Chemistry: A formula for success

By Oystein Fjeldberg, Staff writer

The chemistry major is a challenging path to take on.

A chemistry student has to spend much of his time in the science building due to the many hours of laboratory work. Eleven of the required classes include a lab section — in addition comes two research classes. A student who chooses this major needs to be on track right from the start, as two years of chemistry classes are required for all upper-level chemistry courses.

For those who push through, however, job prospects and graduate opportunities are promising, says Dr. Christopher Dahm, who has been teaching chemistry at Wingate since 1995. If you maintain a GPA above 3.3 and you acquire experience in research during your time at the university, then “we can get you into a graduate program where they pay your tuition and give you a stipend,”, Dahm explains. This is a common choice among Wingate graduates.

Others aim to start a career fresh from graduation; normally, this means a job in industrial production. “If you are willing to move to big cities like Chicago,” Dahm says,  “getting a job will be no issue”.

But these promises are not what have motivated most to choose this major. For the most part, the motivation is rooted in an affection for science.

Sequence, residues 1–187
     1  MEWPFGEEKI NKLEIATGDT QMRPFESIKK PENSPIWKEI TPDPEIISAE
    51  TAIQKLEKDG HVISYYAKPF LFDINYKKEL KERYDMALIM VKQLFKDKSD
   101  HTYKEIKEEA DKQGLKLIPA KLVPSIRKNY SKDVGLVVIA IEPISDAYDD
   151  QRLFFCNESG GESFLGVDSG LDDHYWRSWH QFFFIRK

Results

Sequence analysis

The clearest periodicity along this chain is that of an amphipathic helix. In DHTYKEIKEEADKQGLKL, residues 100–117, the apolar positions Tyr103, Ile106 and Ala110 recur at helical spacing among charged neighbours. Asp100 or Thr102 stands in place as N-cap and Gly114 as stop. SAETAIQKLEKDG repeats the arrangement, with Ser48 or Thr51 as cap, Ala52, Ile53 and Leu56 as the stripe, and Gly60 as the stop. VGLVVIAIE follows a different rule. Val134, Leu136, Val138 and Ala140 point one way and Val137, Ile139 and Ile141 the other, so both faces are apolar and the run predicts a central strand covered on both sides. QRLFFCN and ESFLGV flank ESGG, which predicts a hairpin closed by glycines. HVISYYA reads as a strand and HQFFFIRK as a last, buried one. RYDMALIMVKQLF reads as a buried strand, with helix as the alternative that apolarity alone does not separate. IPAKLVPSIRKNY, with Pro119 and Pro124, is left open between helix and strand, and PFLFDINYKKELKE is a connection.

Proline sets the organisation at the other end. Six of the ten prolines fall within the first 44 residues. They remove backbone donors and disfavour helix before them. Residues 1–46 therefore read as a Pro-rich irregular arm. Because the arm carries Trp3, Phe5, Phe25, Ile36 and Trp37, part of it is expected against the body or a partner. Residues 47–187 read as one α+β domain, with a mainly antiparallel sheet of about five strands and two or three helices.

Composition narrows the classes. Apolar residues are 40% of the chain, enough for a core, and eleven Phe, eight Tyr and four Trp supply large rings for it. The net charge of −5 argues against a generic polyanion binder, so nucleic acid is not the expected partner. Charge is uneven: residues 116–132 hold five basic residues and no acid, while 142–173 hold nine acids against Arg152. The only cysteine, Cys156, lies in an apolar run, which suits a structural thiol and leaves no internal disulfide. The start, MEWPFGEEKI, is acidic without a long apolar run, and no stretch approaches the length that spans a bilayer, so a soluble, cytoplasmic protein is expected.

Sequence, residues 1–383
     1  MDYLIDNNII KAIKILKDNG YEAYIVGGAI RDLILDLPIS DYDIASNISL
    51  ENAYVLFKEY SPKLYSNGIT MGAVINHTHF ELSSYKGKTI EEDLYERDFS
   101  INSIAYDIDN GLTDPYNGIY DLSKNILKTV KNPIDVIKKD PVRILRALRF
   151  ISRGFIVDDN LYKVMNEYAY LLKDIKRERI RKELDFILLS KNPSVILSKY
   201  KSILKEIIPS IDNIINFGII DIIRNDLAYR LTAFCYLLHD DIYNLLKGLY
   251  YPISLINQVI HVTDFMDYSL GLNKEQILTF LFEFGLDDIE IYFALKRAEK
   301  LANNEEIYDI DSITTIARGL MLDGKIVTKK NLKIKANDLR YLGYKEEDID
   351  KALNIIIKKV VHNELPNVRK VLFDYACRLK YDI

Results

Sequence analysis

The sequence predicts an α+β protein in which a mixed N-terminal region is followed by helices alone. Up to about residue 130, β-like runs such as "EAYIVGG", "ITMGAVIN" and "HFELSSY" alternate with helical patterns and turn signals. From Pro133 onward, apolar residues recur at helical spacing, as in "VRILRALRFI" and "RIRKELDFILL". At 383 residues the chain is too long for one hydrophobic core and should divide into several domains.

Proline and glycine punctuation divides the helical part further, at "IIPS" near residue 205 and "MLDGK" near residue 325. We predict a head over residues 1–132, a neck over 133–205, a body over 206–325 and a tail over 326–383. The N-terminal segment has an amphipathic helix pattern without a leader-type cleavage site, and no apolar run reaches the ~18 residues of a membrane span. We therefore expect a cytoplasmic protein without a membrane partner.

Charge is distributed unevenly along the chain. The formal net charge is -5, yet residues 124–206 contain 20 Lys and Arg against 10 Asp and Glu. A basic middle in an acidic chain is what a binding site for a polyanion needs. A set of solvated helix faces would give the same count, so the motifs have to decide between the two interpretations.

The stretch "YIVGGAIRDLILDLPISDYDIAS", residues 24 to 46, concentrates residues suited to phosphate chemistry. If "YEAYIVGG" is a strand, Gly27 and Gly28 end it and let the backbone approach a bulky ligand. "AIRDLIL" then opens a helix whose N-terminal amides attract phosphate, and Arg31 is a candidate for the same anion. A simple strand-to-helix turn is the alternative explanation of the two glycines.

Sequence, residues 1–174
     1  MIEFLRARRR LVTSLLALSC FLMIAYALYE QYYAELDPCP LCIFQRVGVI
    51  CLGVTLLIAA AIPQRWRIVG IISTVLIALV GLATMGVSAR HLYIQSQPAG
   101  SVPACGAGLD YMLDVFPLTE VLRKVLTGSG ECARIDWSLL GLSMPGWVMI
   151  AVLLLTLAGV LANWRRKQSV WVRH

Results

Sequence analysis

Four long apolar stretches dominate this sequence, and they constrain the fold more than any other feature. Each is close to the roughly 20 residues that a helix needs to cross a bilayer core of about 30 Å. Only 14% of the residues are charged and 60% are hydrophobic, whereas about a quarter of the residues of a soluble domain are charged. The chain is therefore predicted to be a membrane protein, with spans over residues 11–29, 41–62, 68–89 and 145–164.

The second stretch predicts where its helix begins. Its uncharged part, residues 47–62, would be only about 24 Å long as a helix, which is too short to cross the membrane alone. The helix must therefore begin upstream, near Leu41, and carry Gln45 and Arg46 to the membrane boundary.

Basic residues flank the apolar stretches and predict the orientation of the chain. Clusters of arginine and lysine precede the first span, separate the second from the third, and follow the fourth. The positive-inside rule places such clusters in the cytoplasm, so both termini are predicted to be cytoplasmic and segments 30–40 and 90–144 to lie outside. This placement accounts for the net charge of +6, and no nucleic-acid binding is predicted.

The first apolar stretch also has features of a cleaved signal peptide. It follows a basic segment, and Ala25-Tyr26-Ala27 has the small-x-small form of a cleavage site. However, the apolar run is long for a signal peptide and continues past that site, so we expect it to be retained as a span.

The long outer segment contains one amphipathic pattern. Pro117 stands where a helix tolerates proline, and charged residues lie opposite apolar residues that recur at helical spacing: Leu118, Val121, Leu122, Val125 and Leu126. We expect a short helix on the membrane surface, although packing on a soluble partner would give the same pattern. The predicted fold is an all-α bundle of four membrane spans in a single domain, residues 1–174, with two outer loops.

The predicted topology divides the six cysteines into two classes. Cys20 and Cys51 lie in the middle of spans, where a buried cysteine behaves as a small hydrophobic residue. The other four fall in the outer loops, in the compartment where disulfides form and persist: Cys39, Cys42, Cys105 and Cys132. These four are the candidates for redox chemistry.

Jacob Troutman says that he studies chemistry because he likes that it “explains a lot of what you see around you.”

He had a good teacher in high school who made chemistry interesting, which spawned his interest for the subject. The most challenging aspect of chemistry, he believes, is to “visualize the concepts mentally, that you can’t see visually what you are studying”.

Joseph Kelly studies chemistry because he “has a love for science and math”. He says that he “always excelled at math, and also had an interest in chemistry as well.”

The most challenging aspect in his opinion is “balancing out all the work for your classes”. Teachers give a lot of work in each class all at once, he says, and you are expected to keep up with what is due when. His favorite class is analytical chemistry because “it took what I loved about chemistry and expanded upon it,” and did so by applying “practical lab situations.”

This spring no one will graduate from Wingate with a degree in chemistry. There are six students in the upper-level classes right now, and all are  scheduled to graduate in the spring of 2017.

Even though that is a small number, the number of graduates has increased over the years, Dahm says. When he  started teaching here 20 yeas ago, he says, 1995, there were two graduates a year with majors in chemistry, and one in chemistry business.

After the pharmacy school opened its doors in 2003, that number started to increase, especially for chemistry business. Dahm believes the reason is that students in pre-pharm who change their minds about going to pharmacy school often go for the chemistry or chemistry business major.

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